FROM THE LAST JUDGEMENT TO TWITTER
1st December, 2020
Because we are, uniquely on this planet, the only creature with a moral sense people fear judgement. To think ourselves bad, to be considered bad by others or, in any sense, to actually be bad are fearful things for us from which we are all anxious to defend ourselves. To see if this is true a glimpse of a couple of Twitter or Facebook threads is all that is required to confirm it. Much of what you see is people defending themselves or seeking to impugn others. It seems that badness has to be placed somehwere.
The interesting thing about such fears is that we all automatically assume that there is a moral standard to which we can appeal and by which we are judged. This is an unthinking and instinctive given. If you pass a primary school playground you will sooner or later hear a child squawk – ‘Give me my ball back! It’s not fair! “. It’s such a profound reflex it’s almost pre-rational.
In our culture for millennia this problem was resolved by the assumption that ultimate objective moral reality was grounded in the mind of an omniscient God who saw into our hearts and infallibly read the motives behind our conduct:
O Lord, thou hast searched me, and known me.
Thou knowest my downsitting and mine uprising,
thou understandest my thought afar off.
Thou compassest my path and my lying down,
and art acquainted with all my ways.
On the basis of this, one day, we would be sorted into sheep and goats by Christ the judge and moral reality would be finally confirmed. One has only to look at the splendid last judgement scenes anywhere in the West in, for example, the magnificent stained glass west window in Fairford church in Gloucestershire or on the mosaiced west wall of Torcello Cathedral in Venice to see the truth of this. Morality was real and had consequences and existed outside of the purely human sphere. In spite of how helpfully such ideas arranged affairs we now, of course, in our modern sophistication, look down on them as primitive and may even revile them.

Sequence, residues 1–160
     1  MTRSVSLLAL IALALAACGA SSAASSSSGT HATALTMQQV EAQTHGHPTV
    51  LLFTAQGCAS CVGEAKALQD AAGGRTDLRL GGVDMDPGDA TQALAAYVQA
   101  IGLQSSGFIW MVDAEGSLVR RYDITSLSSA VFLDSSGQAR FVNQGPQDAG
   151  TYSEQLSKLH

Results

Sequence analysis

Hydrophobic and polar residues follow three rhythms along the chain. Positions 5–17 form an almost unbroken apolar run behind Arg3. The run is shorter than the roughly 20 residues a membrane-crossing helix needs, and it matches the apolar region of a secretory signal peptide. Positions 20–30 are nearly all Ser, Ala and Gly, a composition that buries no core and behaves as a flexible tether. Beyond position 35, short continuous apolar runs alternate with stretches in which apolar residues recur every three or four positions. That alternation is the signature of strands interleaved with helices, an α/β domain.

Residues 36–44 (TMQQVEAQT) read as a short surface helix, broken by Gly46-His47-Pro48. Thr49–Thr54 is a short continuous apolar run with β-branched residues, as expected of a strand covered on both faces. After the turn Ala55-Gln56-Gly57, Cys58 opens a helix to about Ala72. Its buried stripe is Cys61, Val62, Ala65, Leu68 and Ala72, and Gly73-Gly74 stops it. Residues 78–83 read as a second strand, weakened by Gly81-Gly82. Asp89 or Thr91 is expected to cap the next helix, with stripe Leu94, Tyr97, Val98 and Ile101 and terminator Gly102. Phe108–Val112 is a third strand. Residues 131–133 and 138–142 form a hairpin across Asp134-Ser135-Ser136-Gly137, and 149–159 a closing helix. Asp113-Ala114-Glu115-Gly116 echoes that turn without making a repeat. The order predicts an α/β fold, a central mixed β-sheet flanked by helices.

Our moral nature and the instinctive and reflex clamour we make for justice resulted in the practical need for a human simulacrum of the divine judgement if we were to avoid violent conflict between wronged parties here and now in this world. However fallible the system might be, we find that, in the temporal sphere, we cannot, therefore, do without human judges and juries who adjudicate our disputes as best they can. The rule of human law is required to guarantee the continuation of civilisation.
In our time these problems are being dealt with differently and perhaps in a far worse and more dangerous ways in terms of the whole of society. In the minds of the woke and wielders of cancel culture the idea of morality having an objective locus independent of the human sphere, such as in the mind of God, is redundant. As a result they see goodness as a present commodity which is relative, negotiable and provisional. For them there is only so much of this commodity available in the world and the acquisition of it is a zero sum game achieved by those who are quickest off the line when the starting pistol is fired. They feel that, by sheer effort of will, you can make yourself “good’ by personal fiat by the simple means of finding fault in and condemning others by social media proclamation. At the same time you protect yourself against being seen in any kind of bad light for the arithmetic goes that, if another is declared bad, you must be good. As no objective standard of moral reality can be appealed to attack is the best form of defence. All you have to do now in such a no holds barred free for all is waylay and ‘steal’ righteousness from your victim in a form of mugging.
In this kind of ethos old ideas like ‘judge not lest you be judged’ and ‘remove the beam from your eye before you presume to remove the splinter from your brother’s’ are deemed to be quaint. In a world where the appearance of virtue is competitive you simply assert first your confidence that your consideration for the feelings of others is unimpeachable and vastly superior to that of your losing victim and there you are, sitting pretty in your self-created smugness like Little Jack Horner, saying “what a good boy am I! “You have simply seized first the right to be judge, jury and executioner. It’s all a question of which rival subjectivity is the more muscular. And the loser walks away with the weight of publicly perceived wickedness on his shoulders. There is no recourse to appeal as there is no higher judge.
Of course the only remedy to this vicious game is appeal to older ideas of objective justice grounded in something other than mere assertion. It is fashionable now to describe old tropes like the Last Judgement as primitive and evidence of belief in an arbitrarily vindictive God. This is to take the Old Testament accounts as literal newspaper reports on his nature by a somehow privileged observer. In reality they (together with the New Testament) give a glimpse of a nature that uncompromisingly but helpfully insists on the moral parameters within which we need to function while also offering a remedy for our failures.